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U.S. Senate Report Finds Fault with Hospitals Reporting Processes during Outbreak of Infections Linked to Medical Scopes

U.S. Senate Report Finds Fault with Hospitals Reporting Processes during Outbreak of Infections Linked to Medical Scopes

The United States Senate has released a report on the outbreak of deadly bacterial infections linked to contaminated medical scopes.  According to the report, Preventable Tragedies: Superbugs and How Ineffective Monitoring of Medical Device Safety Fails Patients, the duodenoscope-related infections, which StayAlert! covered extensively in 2015, were significant and wide-spread.  The report is the result of an investigation initiated by Senator Patty Murray, Ranking Member of the Senate Committee on Health, Education, Labor, and Pensions.

Key findings of the investigation include:

  • Duodenoscopes spread life-threatening superbug and other antibiotic-resistant infections among patients in a number of hospitals throughout the United States and Europe in 2013 and 2014.
  • As early as 2012, however, Olympus, the manufacturer of 85 percent of the duodenoscopes used in the United States was aware that its closed-channel duodenoscope could harbor dangerous bacteria even after repeated and careful cleaning according to instructions.
  • Multiple hospitals were also aware that duodenoscopes were linked to superbug and other antibiotic-resistant infections in ERCP patients.
  • None of the three manufacturers of duodenoscopes sold in the United States – Olympus, Fujifilm, and Pentax – and only one hospital ever alerted CDC to the infections.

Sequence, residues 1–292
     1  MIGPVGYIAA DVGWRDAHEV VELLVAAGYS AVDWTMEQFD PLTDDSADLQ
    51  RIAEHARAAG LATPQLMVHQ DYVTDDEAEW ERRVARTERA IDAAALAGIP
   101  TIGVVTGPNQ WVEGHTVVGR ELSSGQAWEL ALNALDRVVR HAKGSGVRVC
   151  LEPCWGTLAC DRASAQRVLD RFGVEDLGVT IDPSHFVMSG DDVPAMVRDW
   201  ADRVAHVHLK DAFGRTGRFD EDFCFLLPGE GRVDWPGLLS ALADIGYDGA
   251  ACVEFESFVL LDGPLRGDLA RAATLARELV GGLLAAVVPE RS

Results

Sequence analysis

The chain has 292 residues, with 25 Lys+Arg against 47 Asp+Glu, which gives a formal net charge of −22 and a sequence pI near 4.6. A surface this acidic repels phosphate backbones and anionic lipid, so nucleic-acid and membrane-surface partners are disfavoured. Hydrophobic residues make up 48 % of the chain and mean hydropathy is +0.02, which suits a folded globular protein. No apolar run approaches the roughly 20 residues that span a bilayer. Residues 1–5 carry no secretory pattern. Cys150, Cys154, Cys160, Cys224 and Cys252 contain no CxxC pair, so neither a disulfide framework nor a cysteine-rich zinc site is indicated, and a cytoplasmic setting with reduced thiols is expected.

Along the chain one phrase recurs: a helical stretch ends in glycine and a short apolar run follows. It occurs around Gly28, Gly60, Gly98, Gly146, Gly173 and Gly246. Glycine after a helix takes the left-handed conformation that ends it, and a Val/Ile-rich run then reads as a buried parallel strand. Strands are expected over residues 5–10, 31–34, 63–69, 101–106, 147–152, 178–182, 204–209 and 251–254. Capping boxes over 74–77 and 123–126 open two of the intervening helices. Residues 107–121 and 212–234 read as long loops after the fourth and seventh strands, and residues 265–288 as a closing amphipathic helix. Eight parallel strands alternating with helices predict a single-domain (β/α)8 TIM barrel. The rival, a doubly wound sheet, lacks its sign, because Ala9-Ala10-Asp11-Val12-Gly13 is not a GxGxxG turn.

• The device manufacturers and most hospitals largely failed to meet their legal obligations to provide complete and timely information about serious patient infections and deaths to manufacturers and/or FDA.

The investigation’s conclusions about failures on the part of the FDA and device manufactures are important and fully discussed in the Senate report.  Yet it is the conclusions about hospital failures that should be of interest to compliance officers.

The senate investigation found that hospitals did not proactively communicate information to federal agencies.  Under 21 C.F.R. § 803.30(a)(1), hospitals are required to report medical device related deaths (but not serious injury) to the FDA no more than ten days after becoming aware of the incident and hospitals may always submit adverse event reports to the FDA relaying other suspected problems.  According to the report,

“While several hospitals did eventually submit MedWatch reports to FDA, less than one percent of all the adverse
event reports (related to the duodenoscope-related infection outbreak) were submitted by hospitals, suggesting
that hospitals are not meeting their obligations to report deaths that devices may have caused or contributed to.”

The report continues, “…hospital staff interviewed by Committee staff almost universally were unfamiliar with any obligation to report to FDA.”

The findings of this Senate investigation send a clear message to hospitals.   Compliance with 21 C.F.R. § 803.30(a)(1) is an integral part of an overall patient safety program.

See next week’s blog for a review of 21 C.F.R. § 803.30(a)(1) in detail.


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